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Music Review: Ekmeles – A Choir Pushes Boundaries with ‘We Live the Opposite Daring’

The avant-garde chamber choir Ekmeles has just six members, but can attack the sound front like an army. They kick off their second release with a sonic ambush, showing off their skill with microtones and nontraditional tunings in Primo Libre by James Weeks.

Why Settle for 12 Tones?

This 17-minute tour-de-force is a set of 16 modern “madrigals” written in 31-division equal temperament (31-ET). That scale dates back to the mid-16th century but is rarely (to say the least) heard today. The tuning divides the octave not into the common 12 tones but 31 evenly spaced frequencies. It allows for chords and intervals that sound very weird and “out of tune” to our modern ears, accustomed to the 12-tone scale. An example that a non-musician can imagine is a neutral triad – a three-note chord that sits in between a major and a minor, sounding a little like each but not quite like either one.

It’s not hard to play microtones (tones in between two of the typical 12) on a fretless string instrument like a violin. It’s not hard to detune a guitar or piano to sound like a keyboard might have sounded before J.S. Bach popularized the well-tempered tuning (or to just sound eerie). Singing in an alternate tuning is another matter. A vocalist must cast off their intonation training to teach their vocal apparatus entirely new notes and intervals, then sing them consistently, correctly, and in harmony with others.

That’s what you’ll hear in the Primo Libre madrigals, written for one, two, or four voices. The ensemble’s name, Ekmeles, according to its website, means, “in Ancient Greek music theory, tones of indefinite pitch and intervals with complex ratios, tones ‘not appropriate for musical usage.'” But the group shows that what may seem “indefinite” actually has distinct meaning, with intriguing effects on the human ear and brain.

Ekmeles: Back to the Future

These shiny little pieces may be settings of 16th-century Italian lyrics, but they sound both alien and mechanistic, as if created by an advanced and robotically inclined otherworldly civilization. Weeks’ score lets us hear solo and duo voices, where the “unnatural” intervals are plain to hear. We also hear sequences of four-part chords where individual parts move to adjacent microtones, altering the character of the chord in ways for which words don’t come easily to mind because these chords don’t trigger the specific emotions our brains have trained us to feel from music.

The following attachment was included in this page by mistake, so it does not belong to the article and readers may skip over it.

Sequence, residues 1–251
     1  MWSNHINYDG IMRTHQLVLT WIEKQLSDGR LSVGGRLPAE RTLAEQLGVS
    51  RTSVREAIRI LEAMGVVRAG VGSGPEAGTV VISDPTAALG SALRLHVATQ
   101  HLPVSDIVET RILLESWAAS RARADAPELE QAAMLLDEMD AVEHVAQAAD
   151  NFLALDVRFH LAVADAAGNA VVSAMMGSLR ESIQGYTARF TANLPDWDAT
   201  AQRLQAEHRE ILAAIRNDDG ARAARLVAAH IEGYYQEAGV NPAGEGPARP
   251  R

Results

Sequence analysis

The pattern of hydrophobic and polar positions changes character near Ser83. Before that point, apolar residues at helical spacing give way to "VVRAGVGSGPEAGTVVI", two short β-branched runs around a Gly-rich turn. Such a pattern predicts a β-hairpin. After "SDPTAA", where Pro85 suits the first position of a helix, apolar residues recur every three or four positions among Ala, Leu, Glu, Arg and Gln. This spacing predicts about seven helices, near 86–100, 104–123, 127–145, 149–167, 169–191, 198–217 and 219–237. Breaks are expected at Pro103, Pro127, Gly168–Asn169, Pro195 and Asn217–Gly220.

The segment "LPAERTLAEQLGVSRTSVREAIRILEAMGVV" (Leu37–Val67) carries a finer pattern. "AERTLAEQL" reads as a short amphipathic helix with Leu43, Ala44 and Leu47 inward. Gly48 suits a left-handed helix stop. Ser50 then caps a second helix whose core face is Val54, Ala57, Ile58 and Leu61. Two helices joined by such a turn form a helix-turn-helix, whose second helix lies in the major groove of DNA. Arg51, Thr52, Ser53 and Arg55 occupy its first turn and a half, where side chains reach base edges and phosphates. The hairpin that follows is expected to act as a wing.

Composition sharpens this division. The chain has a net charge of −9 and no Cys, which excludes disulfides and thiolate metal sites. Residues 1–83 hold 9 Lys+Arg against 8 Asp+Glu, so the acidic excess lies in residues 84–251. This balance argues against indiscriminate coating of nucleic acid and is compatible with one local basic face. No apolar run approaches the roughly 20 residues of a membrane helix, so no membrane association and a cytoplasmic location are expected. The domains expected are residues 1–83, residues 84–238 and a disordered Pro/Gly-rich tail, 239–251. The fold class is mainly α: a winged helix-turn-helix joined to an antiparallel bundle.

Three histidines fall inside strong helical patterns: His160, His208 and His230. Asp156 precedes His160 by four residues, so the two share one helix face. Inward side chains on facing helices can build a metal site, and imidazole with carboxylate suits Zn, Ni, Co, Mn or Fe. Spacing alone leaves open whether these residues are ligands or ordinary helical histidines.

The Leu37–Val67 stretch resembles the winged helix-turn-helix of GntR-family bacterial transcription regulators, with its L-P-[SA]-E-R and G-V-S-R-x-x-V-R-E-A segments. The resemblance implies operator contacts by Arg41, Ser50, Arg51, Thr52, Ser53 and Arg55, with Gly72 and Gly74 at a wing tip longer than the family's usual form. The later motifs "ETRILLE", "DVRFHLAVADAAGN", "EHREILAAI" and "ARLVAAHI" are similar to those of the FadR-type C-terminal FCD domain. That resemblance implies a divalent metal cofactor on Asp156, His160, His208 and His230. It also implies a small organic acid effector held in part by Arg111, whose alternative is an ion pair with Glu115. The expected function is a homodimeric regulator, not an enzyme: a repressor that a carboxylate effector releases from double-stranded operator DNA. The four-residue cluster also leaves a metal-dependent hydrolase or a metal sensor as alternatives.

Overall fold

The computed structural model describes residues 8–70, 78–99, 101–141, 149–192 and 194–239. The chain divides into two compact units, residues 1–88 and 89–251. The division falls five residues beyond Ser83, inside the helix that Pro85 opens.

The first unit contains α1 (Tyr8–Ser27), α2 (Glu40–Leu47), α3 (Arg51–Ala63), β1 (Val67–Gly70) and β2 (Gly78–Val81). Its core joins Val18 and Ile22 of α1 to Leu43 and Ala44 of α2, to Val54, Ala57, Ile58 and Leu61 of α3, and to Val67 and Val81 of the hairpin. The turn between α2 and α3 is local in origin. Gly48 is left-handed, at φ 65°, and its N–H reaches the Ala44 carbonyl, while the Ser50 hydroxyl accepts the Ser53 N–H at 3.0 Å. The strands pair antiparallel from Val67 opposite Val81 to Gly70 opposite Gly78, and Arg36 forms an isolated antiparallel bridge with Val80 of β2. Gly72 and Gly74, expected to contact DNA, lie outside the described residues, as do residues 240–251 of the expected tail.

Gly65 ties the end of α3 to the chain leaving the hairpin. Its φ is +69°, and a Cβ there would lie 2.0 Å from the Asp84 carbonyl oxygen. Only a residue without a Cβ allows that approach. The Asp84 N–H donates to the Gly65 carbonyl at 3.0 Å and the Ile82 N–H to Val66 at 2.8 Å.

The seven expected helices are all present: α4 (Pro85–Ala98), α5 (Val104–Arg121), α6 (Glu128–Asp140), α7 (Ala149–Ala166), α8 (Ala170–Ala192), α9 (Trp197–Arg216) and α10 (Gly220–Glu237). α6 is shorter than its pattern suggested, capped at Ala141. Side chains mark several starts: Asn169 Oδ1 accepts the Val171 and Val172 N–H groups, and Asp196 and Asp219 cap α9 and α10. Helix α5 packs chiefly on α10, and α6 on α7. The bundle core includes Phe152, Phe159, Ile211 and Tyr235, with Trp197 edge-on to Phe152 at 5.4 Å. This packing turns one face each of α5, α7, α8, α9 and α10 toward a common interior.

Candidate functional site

So yes, the piece shouts “I’m demonstrating something” more than “I’m seeking to make you feel something.” But it can certainly make you feel that you’ve experienced something new.

The four-movement title piece is a new work by Zosha Di Castri setting fragments of poems by Sappho. Glissandos, ululations, sprechstimme, body percussion, and other effects elaborate a creepy sound palette that’s twisted and dynamic. Unapologetically weird, this music outlines a strange psychedelic journey from ancient Greece to an uncertain and scary future.

Airy harmonicas in gently clashing tunings usher in “this is but an oration of loss” by Hannah Kendall. This Ekmeles commission sets an M. NourbeSe Philip text about a 1730 legal case concerning the deliberate drowning of 130 enslaved Africans. Aesthetically the most powerful piece on the album, it’s a melange of lamentations including shouts, cries, mournful vocal harmonies and dissonances, and anxious spoken readings.

Shawn Jaeger’s “love is” features intriguing microtonal harmonies and humorous spoken-word interjections. It also shows off the vocal skills of individual singers. But overall it smacks of quirkiness for the sake of quirkiness.

Cut and Paste

The album closes with two studio efforts. The first, “Waves,” has three short movements created by Ekmeles’ artistic director and baritone Jeffrey Gavett. The piece is a vocal realization of music originally performed on artist Oliver Bear’s “vessel orchestra” at the Metropolitan Museum of Art. Gavett’s stitched-together vocal samples add up to compelling vocalise: introspective sighing; assertive chanting; then a haunting darkness with an inconclusive resolution.

For the four short segments of “Mouthpiece 36,” Erin Gee employs recordings of the singers scatting, humming, growling, swooping in glissandos, whistling, going nasal, articulating nonsense syllables, and even indulging in rich, natural-sounding harmonizing. Enough of the sounds resemble animal utterances that their having being “improvised in nature spaces” rings true. These are curious and funny little pieces that don’t seem to take themselves too seriously, even if the composer’s liner notes do.

All told, We Live the Opposite Daring cements Ekmeles as one of our foremost experimental vocal ensembles. The album comes out February 16, 2024 on New Focus Recordings. I can’t wait to hear what they record next.

Their February and March 2024 concerts take place in New York City and include performances of music by Karlheinz Stockhausen and Arvo Pärt. Hannah Kendall’s piece from this album is on the menu for a free concert March 23 at St. Paul’s Chapel, Columbia University.

About Jon Sobel

Jon Sobel is Publisher and Executive Editor of Blogcritics as well as lead editor of the Culture & Society section. As a writer he contributes most often to our Music section, where he covers classical music (old and new) and other genres, and to Culture, where he reviews NYC theater. Through Oren Hope Marketing and Copywriting at you can hire him to write or edit whatever marketing or journalistic materials your heart desires. Jon also writes the blog Park Odyssey at where he is on a mission to visit every park in New York City. He has also been a part-time working musician, including as lead singer, songwriter, and bass player for Whisperado.

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